The DesOps story remains incomplete without referring to one of its key practices that are Hypothesis-driven – development (HDD), which certainly contributes to the service design like DesOps, that brings possibilities of changes to inculcate design thinking, innovation and organizational changes. It also promotes the lifecycle methods and adjusts them to ensure that integrated work-flow and work-culture is established that can make the best use of data-driven decision making by running multiple early-stage experiments (synonymous with what we are trying to achieve through continuous feedback loop and prototyping) and gathering insights from their outcomes (and not just output!). Another interesting thing is that this advocates the use of UCD approaches as it focuses on making an assumption, running experimenting and validating them with measurable data, and thereby taking some action based on the same.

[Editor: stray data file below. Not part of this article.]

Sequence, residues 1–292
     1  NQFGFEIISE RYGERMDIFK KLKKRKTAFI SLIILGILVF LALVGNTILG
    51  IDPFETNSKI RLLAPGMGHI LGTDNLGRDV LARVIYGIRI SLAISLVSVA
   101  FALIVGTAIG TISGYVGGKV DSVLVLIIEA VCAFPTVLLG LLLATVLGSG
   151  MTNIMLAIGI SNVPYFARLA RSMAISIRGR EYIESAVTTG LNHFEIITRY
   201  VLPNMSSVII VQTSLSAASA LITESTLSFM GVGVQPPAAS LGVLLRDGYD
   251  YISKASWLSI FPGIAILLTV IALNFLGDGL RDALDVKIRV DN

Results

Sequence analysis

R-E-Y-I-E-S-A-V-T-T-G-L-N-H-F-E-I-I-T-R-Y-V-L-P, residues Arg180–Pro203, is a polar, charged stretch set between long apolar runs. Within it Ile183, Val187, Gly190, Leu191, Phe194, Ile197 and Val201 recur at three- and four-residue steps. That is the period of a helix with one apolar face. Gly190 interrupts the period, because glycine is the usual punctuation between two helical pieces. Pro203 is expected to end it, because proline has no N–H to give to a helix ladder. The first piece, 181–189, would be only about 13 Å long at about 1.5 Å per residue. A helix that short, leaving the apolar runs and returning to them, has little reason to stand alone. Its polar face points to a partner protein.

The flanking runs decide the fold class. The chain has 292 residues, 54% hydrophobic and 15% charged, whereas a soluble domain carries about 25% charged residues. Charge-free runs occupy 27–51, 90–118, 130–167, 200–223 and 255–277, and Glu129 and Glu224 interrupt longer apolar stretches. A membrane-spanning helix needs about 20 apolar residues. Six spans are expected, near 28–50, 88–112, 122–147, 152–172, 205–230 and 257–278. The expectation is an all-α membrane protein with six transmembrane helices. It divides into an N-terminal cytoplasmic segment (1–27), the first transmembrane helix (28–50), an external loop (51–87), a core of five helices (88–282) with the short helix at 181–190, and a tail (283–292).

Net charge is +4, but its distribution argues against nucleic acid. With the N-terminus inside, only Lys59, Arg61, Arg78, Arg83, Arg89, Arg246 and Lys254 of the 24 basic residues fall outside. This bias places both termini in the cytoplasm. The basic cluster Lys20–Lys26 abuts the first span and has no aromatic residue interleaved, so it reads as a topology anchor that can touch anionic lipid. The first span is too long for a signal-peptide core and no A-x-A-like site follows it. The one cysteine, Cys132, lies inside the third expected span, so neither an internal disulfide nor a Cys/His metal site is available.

Will elaborate on HDD driven methodologies in context to DesOps as we move in this series of articles.

4. Agile / Iterative Life Cycle